Trump was exhorting his love for wikileaks throughout the campaign and begging them to release more emails. In addition, Roger Stone (a slimy GOP operative) was making contact with Assange to get Hillary's emails. Then it turns out Cambridge Analytica (another part of the Trump campaign) was making contacts with Assange for emails. And then we have stories like Matt Tait who was asked by another GOP operative to hack Hillary's emails. Then we have Trump Jr meeting Russians about Hillary's emails.
It's almost like there is a conspiracy here or something. Let's be clear too - opposition research is a normal thing in US politics and legal. Conspiring with agents of foreign adversaries, and hacking is extremely illegal.
And on the day that this new Assange contact dropped, Russia, Breitbart and a bunch of media outlets start screaming in unison about who funded the dossier. Almost like it was coordinated or something. The troll farms in Russia must be working over time to combat every revelation. It's starting to all sound a bit desperate.
What's the point of a version of Windows that doesn't run the majority of Windows software? Even if they shove in an x86 emulator capable of running some software, the performance and the battery will fall through the floor, negating the reason for using ARM in the first place.
The upper bits of her mind have clearly been masked off. Awful person.
Let's also not forget that Oracle's experience with open source has been pretty toxic. Oracle straight up lifted RHEL to sell as their own. And their stewardship of OpenOffice, Hudson and Mysql was so moribund that the devs forked the code and decamped.
"Let's keep some perspective here. Windows 10 S turns into Windows 10 Pro with a mouse-click and reboot. "
Which more or less illustrates it is crippleware doesn't it?
Microsoft are crippling their own operating system under the guise of an "educational" version of Windows when the vastly more likely reason is they want to shove people into their store and through their browser whether they want it or not.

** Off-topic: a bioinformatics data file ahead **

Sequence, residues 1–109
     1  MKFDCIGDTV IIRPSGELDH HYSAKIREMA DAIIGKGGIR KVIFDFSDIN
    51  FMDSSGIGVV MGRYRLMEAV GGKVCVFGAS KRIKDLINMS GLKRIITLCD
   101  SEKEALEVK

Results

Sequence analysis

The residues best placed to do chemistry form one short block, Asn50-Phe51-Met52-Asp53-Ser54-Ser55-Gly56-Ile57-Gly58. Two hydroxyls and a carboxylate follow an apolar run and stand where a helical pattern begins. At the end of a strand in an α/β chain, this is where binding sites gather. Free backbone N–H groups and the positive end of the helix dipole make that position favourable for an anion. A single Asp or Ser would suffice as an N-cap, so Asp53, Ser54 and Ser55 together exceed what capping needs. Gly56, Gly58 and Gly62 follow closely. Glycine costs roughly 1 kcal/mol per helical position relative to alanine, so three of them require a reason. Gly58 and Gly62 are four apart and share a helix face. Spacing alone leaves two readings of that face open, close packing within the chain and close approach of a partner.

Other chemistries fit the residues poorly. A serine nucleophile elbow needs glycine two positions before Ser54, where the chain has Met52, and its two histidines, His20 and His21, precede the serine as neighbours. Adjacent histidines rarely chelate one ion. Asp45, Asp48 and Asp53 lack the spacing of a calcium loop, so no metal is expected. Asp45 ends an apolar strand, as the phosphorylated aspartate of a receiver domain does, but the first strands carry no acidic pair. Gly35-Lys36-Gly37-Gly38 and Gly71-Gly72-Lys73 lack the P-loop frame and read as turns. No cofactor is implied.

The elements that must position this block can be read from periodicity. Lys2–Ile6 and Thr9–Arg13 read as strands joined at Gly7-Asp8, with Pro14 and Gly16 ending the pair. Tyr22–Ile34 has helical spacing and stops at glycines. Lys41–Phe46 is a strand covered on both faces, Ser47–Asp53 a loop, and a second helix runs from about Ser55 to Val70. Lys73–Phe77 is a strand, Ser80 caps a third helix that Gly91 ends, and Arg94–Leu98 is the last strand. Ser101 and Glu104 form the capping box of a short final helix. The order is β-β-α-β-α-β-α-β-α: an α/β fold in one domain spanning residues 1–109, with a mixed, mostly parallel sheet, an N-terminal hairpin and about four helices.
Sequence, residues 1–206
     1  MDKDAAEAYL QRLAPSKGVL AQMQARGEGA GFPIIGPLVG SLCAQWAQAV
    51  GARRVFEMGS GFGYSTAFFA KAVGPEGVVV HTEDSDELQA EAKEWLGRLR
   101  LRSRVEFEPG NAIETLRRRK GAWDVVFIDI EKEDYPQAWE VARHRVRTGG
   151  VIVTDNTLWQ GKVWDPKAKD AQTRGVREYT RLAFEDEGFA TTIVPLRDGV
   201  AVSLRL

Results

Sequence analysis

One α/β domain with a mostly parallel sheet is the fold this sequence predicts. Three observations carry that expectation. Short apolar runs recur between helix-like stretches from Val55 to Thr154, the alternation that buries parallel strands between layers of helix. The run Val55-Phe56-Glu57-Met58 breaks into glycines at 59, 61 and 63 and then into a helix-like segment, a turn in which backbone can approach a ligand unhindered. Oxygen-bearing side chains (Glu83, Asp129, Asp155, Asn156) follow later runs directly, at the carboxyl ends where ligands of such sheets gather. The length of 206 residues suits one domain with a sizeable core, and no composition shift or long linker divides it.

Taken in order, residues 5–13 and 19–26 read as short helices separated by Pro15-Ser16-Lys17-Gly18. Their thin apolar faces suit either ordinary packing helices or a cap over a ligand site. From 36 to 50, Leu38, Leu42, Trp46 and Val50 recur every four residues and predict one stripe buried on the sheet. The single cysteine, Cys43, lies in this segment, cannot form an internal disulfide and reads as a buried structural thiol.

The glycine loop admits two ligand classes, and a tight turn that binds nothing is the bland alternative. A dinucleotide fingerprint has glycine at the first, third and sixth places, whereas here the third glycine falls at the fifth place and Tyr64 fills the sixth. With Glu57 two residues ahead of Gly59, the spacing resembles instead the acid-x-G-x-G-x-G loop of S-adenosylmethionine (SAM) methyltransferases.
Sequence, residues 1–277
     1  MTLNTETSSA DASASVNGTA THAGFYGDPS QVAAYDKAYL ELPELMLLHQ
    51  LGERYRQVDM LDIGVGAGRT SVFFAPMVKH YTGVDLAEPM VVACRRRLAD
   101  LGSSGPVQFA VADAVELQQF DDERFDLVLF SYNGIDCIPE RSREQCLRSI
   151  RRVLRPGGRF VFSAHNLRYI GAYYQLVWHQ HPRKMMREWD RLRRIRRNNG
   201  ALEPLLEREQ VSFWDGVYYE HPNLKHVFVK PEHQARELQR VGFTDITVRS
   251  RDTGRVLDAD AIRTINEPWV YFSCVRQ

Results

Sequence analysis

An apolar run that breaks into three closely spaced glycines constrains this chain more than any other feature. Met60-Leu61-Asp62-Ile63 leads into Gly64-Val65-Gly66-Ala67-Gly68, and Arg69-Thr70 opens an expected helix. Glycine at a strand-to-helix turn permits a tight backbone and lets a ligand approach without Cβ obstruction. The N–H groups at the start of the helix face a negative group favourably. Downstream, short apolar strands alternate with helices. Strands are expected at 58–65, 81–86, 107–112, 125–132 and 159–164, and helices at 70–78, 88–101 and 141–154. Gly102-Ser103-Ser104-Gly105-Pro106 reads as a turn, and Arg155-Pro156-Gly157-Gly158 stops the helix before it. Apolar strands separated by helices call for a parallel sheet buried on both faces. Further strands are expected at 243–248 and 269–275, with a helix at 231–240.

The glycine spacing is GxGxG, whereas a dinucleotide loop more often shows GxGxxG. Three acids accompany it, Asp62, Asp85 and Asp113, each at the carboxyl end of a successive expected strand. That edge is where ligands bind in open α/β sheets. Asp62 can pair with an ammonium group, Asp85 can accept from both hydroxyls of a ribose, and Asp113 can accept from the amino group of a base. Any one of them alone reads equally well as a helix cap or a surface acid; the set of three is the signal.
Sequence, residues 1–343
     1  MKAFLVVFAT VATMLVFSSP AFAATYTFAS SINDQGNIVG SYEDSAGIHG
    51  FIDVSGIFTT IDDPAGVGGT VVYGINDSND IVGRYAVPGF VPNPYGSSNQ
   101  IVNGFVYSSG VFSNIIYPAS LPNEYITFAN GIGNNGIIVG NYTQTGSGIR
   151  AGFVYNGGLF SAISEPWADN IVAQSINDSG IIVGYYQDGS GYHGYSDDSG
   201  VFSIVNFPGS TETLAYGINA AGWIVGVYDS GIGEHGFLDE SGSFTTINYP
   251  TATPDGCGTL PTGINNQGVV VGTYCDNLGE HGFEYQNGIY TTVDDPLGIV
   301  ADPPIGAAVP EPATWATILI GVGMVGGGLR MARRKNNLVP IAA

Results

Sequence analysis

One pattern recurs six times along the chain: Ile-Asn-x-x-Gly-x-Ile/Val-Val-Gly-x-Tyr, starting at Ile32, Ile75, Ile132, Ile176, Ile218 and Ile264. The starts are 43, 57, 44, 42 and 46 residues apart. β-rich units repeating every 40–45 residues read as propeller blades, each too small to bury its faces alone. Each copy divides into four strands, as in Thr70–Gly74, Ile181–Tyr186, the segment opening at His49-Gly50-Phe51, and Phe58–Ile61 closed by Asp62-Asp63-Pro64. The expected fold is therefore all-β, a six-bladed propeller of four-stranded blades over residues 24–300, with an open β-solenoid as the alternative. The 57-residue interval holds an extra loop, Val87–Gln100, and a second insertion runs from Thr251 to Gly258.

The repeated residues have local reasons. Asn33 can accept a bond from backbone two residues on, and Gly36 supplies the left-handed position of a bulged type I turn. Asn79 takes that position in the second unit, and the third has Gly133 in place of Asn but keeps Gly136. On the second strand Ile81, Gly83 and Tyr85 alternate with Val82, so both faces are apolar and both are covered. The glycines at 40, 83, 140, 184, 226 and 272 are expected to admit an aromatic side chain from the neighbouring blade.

Despite all this navel gazing, Microsoft are still engaging in dumb exercises such as Windows 10 S - shipping premium hardware at a premium price with crippled versions of the operating system.
I've used a few Thinkpads and the biggest attraction of them was the fact that if something broke you could order a replacement part. And aside from that they were quite rugged with nice lids that closed shut properly. The red nipple thing was and still is vastly easier to use for precision than a touchpad.
I wonder if this is true for the Thinkpad 25 or if it's going to break if you look at it sideways and the whole lot has to be junked.
I'm sure the smallprint says "where the next decade refers to 2020-2030 as opposed to 2027".
Even an extra 3 years is generous given we're talking about designing, prototyping, testing and building a large body passenger aircraft in an untested configuration. Not just the aircraft itself but all the construction facilities and all the infrastructure that airports would need to service and operate them.
For some reason they thought the rules and regulations only apply to other people. Turns out they were wrong.
The usability or lack thereof of a car's infotainment software is largely unrelated to the kernel underneath. Any modern kernel running on a decent SoC should be capable of delivering an excellent experience. It's a matter of supreme unimportance if there is a Linux, QNX, BSD or NT kernel under it all.
And if the car doesn't deliver an excellent experience, blame it on the software developers or the car manufacturer. I've seen a number of cars where the stingy buggers equipped their systems with resistive low res displays and sluggish SoCs and didn't even have the good grace to stick some physical buttons and knobs next to it for the common stuff. Hardly any surprise when the experience turns out to be awful.